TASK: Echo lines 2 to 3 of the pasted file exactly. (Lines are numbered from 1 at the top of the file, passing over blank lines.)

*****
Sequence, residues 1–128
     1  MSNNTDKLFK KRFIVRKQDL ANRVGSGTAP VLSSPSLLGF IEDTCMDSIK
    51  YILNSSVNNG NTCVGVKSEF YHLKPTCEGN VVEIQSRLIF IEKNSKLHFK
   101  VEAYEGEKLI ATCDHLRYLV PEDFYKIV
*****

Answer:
     1  MSNNTDKLFK KRFIVRKQDL ANRVGSGTAP VLSSPSLLGF IEDTCMDSIK
    51  YILNSSVNNG NTCVGVKSEF YHLKPTCEGN VVEIQSRLIF IEKNSKLHFK